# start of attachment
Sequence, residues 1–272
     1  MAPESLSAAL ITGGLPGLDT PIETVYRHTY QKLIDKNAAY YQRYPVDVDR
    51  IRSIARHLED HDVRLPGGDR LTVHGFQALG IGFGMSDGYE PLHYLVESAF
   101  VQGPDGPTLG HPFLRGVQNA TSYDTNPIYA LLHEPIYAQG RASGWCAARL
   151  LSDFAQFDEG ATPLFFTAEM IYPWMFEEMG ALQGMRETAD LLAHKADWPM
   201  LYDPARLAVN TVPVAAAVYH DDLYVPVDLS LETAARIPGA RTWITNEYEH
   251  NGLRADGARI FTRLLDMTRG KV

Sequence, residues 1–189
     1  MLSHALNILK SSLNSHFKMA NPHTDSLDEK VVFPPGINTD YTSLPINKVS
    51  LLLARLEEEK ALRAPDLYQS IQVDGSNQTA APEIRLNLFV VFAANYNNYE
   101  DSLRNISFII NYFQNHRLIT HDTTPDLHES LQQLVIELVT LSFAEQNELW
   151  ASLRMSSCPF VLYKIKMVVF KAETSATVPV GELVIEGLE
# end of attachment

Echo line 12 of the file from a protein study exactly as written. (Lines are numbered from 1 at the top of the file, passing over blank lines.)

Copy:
   151  ASLRMSSCPF VLYKIKMVVF KAETSATVPV GELVIEGLE